For example, presumably we are not talking about the whole 100% population of individual values. We must be talking about some limited range of the population of the individual values.

I have some recollection from the past that the prediction interval indicates the range of values within which we would expect a result to fall from another experiment at the specified value of the predictor, but I can’t now find the reference.

Suppose we have a 95% prediction interval—what is included in that?”

Answer from Stat-Ease Consultant Wayne Adams:
“The confidence interval (CI) is for the true population average. Data from a sample only provides an estimate of that population. If an infinite number of samples from the same population are used to generate 95% confidence intervals, then 95% of those intervals will contain the true average.

Prediction intervals (PI) are for the average of a future sample rather than the whole population. This is usually presented as a future sample of size 1, and taken to mean the next observation. Again, if an infinite number of 95% confident prediction intervals are generated, then 95% of the PIs will contain the average of a future sample from that population. The interval width is widest for a sample size of 1. It approaches the confidence interval as the sample size approaches infinity.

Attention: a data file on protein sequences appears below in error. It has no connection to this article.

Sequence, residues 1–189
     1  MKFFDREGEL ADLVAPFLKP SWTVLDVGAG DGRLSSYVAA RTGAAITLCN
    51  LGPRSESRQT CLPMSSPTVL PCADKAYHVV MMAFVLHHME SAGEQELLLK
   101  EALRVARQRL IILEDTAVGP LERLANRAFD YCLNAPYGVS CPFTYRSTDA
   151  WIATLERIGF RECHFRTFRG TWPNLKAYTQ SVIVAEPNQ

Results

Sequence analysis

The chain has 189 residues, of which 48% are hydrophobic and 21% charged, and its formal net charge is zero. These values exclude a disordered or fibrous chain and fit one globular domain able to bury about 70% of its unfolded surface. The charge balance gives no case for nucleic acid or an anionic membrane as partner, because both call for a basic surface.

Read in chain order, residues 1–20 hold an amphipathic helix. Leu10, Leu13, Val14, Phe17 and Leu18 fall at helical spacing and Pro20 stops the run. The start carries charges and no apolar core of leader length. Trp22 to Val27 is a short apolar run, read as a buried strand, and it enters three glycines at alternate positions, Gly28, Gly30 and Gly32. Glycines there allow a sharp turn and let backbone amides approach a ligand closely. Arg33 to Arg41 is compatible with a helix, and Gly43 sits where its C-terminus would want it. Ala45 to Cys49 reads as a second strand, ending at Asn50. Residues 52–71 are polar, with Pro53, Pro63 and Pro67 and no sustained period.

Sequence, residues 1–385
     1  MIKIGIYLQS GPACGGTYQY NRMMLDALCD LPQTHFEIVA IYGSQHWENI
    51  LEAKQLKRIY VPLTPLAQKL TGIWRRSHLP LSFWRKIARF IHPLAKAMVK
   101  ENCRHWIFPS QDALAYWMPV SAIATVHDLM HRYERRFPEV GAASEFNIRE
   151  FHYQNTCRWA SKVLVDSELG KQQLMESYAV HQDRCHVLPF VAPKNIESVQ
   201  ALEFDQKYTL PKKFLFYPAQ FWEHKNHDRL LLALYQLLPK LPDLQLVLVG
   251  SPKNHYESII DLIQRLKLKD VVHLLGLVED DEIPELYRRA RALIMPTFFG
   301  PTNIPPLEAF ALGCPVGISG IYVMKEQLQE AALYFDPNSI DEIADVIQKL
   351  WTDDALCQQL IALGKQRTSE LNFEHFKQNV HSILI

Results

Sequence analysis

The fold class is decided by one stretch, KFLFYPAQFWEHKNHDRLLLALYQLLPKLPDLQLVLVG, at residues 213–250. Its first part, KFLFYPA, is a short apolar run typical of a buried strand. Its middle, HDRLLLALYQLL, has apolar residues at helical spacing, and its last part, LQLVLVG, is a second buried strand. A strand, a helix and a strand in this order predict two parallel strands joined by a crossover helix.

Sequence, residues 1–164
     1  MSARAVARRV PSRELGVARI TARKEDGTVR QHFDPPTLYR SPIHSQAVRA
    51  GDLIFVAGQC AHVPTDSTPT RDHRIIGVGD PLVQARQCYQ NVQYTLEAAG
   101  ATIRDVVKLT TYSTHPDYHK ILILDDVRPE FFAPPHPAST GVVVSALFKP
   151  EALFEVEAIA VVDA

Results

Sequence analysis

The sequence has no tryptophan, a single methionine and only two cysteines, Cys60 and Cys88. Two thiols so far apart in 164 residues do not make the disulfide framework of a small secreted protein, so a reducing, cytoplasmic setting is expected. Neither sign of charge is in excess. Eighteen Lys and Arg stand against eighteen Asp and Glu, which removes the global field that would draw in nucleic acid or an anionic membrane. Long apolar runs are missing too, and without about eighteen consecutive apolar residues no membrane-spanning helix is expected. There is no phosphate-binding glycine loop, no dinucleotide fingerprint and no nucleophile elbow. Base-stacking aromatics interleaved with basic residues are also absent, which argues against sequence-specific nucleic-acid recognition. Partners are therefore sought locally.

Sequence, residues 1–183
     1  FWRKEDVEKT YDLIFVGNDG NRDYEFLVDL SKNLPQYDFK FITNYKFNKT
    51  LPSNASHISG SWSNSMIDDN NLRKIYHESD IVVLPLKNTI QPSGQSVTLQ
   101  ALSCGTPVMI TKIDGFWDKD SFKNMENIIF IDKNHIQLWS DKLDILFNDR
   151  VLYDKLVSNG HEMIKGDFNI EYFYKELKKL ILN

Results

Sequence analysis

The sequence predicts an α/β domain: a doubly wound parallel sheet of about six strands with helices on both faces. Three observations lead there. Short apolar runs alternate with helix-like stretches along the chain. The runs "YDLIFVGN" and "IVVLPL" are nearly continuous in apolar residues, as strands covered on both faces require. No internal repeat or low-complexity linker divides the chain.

Tolerance intervals (TI) are the intervals used for the whole population. These intervals have two parameters, the customary confidence, and the proportion of the population contained by the interval. They are usually set up as 95% confident that 99% of the population will be inside the tolerance interval bounds.”

P.S. For Wayne covered this before in FAQ 1 of the Nov/Dec ’12 Alert. Check it out! —Mark

(Learn more about prediction versus confidence intervals by attending the two-day computer-intensive workshop Response Surface Methods for Process Optimization. Click on the title for a description of this class and link from this page to the course outline and schedule.  Then, if you like, enroll online.)

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3: FAQ: Why do unimportant factor effects fall on a straight line in the half-normal probability plot?

Original question from a School of Engineering PhD Candidate:

“I have been a user of Design-Expert for almost a year. Could you please explain why unimportant factor effects fall on a straight line in a half-normal probability plot? I am totally fine with using the half-normal plot features and the method. But, I need to know the theory behind it that shows a normal distribution for insignificant effects. Unfortunately, I could not find an answer in DOE reference books.”